After dismantling the counters, we had to take the trailer to the dump. Jacob’s been back and forth with tons of debris over the past two years and works a construction-adjacent job; he knows his way around the dump. I’ve been there a few times for hazardous waste and the occasional truckload. We were hauling too much for zones 1 and 2, where I’m used to going—the consumer vehicle dropsites—so the attendant directed our truck to zone 3.
Zone 3 isn’t next to Zone 2. Zone 3 is a mile farther down a road too broken for regular cars and too narrow for the utility vehicles riding on it. The Zone 3 road twists through grassy mounds taller than any native Florida landscape. I know these are the beautified filled land, but the illusion is well kept. We make it to the mound-in-progress, which is decidedly more colorful in an altogether unpleasant way. Jacob gets out to “lock the diff”—using the cool terminology out of respect for my encyclopedic grasp of car stuff—and we begin our ascent.
When mechanical forces are at odds with one another, you feel the tension between them not as an exact physical measurement but as a psychosomatic stress. The ubiquitous case is the screw you’ve driven somewhere into a limbo between not quite tight enough and stripped. You aren’t just feeling the screwdriver resist the twist of your hand; you also feel the tines of the bit against the screwhead and the threads winding into the substrate. There is a point of failure along this chain you are trying to avoid and odds are good you aren’t touching it, but you feel like something’s about to give. Another ubiquitous case that triggers this feeling is a car on an incline. The forces at play are:
1. A Ford F-250 Super Duty with decent torque and knobby tires.
2. A 6 ton trailer with a ton of kitchen in it.
3. A 15 degree incline (this is a guess, and I don’t live in a mountainous enough region to make a better one; it felt amply but not dangerously steep)
4. A surface of industrial waste compacted under the tires of other physics problems like this one.
I spent all 30 seconds or so it took from base to summit metaphysically inside the treads of the Ford’s tires, certain they would slip or, worse, start spinning. This did not happen. The grip felt supernatural. This feeling of supernature means, in all cases, that your understanding of the system is wrong on some dimension. Maybe garbage is a stickier terrain than I imagine. Maybe the ridges on the wheels are closer to spikes in this environment. I don’t know. I didn’t go back and check. The experience had a magic to it not worth dispelling so quickly.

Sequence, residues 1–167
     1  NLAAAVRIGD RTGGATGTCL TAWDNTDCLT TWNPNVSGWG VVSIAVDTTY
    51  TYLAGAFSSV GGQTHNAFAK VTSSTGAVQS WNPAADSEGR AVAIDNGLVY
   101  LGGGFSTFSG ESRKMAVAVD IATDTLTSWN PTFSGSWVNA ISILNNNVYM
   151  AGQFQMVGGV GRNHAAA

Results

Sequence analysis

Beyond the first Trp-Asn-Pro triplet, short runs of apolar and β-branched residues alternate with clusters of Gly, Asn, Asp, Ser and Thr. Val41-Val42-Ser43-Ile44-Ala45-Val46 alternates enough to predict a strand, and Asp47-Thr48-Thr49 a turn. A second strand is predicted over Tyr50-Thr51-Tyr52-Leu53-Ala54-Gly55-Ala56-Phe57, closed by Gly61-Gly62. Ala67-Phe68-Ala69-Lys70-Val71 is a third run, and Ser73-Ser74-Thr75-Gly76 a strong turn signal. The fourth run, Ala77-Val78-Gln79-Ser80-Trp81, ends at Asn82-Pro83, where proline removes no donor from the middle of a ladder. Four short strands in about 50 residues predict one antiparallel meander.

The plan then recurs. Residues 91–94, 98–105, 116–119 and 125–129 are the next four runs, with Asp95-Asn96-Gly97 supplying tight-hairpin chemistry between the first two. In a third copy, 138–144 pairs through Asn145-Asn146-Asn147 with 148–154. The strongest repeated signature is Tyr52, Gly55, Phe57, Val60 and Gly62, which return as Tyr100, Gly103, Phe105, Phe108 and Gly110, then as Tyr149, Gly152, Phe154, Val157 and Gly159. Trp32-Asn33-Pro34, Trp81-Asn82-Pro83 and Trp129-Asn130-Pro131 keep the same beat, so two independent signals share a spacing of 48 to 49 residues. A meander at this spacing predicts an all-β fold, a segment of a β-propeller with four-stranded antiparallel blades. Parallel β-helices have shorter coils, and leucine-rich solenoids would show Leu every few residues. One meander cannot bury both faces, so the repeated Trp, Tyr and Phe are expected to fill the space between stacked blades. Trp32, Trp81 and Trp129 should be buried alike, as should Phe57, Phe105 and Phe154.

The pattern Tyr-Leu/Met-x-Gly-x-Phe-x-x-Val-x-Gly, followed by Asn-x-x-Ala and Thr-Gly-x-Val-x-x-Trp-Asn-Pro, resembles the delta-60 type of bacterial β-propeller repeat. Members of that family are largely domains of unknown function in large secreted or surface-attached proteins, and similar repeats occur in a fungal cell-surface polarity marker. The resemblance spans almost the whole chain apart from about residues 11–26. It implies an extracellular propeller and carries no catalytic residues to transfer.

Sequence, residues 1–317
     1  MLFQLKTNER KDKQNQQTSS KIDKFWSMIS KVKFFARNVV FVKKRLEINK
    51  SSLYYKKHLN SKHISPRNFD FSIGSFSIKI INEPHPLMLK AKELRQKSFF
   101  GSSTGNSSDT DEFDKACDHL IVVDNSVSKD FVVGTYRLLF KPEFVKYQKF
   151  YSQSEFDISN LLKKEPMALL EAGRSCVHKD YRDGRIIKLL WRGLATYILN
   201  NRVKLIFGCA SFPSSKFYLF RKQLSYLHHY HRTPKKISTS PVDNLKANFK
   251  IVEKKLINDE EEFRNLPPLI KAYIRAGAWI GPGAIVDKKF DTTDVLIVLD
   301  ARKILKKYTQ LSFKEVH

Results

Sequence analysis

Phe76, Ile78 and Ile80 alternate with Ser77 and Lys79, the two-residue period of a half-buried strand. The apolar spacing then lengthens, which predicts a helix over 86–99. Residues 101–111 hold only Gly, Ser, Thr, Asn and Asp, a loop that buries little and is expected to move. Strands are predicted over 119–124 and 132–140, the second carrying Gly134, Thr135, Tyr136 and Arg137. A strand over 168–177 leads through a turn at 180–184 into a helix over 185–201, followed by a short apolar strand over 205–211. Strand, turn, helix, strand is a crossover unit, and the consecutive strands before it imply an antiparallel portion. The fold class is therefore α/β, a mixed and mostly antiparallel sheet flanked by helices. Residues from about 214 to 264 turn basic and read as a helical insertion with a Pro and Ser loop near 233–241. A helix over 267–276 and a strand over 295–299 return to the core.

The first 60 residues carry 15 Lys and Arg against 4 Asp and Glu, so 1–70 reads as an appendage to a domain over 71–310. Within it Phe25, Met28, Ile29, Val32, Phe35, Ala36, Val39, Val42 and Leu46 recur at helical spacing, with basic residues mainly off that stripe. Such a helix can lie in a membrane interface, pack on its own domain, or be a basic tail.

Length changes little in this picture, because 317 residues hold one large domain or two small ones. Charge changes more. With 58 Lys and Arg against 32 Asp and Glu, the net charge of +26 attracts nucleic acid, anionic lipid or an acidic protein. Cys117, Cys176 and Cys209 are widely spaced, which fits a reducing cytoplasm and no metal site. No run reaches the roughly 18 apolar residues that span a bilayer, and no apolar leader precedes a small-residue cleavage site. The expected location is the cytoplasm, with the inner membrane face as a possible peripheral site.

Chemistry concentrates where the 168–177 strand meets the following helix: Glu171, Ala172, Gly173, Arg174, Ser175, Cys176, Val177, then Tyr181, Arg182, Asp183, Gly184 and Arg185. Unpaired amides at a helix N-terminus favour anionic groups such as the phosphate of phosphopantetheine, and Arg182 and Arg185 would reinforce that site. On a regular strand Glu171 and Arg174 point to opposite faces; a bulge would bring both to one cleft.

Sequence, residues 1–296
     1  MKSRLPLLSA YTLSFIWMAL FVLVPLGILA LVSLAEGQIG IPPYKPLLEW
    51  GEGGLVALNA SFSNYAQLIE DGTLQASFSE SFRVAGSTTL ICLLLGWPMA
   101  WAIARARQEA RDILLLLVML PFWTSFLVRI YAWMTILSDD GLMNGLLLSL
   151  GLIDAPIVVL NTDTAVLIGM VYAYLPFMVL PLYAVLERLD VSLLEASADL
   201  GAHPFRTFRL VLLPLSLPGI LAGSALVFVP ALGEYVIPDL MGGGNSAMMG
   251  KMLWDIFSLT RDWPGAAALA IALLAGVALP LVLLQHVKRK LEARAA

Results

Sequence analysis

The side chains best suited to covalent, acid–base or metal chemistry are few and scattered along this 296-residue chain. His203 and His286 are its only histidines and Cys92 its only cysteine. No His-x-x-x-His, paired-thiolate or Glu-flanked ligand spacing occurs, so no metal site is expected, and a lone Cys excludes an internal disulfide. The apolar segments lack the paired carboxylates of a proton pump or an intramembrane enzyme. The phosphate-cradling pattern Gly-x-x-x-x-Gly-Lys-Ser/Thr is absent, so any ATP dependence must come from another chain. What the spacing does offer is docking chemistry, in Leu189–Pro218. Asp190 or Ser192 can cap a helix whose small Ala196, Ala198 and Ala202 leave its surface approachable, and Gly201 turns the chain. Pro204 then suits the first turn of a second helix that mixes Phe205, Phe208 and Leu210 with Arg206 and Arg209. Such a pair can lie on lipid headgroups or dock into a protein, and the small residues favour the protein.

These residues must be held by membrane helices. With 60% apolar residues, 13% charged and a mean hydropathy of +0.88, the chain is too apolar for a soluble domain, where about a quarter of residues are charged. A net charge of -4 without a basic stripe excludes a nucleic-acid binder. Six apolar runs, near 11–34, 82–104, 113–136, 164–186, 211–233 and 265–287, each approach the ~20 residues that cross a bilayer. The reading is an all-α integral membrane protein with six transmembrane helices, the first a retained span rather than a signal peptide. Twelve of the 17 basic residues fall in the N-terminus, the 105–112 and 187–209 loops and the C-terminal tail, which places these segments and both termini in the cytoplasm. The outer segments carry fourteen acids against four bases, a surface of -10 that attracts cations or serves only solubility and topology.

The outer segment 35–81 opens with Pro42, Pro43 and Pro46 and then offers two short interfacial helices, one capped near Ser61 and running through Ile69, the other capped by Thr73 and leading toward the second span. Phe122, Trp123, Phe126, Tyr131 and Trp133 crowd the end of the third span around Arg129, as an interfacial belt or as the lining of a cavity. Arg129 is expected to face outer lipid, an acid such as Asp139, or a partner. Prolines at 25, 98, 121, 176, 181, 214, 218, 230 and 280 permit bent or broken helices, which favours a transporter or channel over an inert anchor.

We crested the summit and before us lay an acre of hell. Red hued piles of everything no one wants anymore, stories-tall bulldozers pushing and scraping this new land we had refined from raw materials, constructed, purchased, and discarded up here. We brought the trailer to a halt a few hundred feet toward the center of this misery. Smell hasn’t been worth mentioning before now; you all know what garbage smells like and everywhere around Zone 3 smells like a low-key version of that. Up here with the sun microwaving the offal, so surrounded, the stench had no shock value to it but was instead heavy. The actual air had gravity. I refused to breathe through my mouth, fearing I would drown in every disintegrated material known to mankind. I stress this everythingness. When I had to step out of the truck and lend a hand with the trailer, like the tires and screws before, my foot sunk into the entire history of modern civility molten beneath it. Knowing I could not fight this monster, my body wanted to flee and yet I could not do that either, not by my own power such was the vastness of this horizon of trash. Not without dumping my own chapter on top first. The feeling of hopelessness nearly overwhelmed me. I don’t expect to forget it for a long while.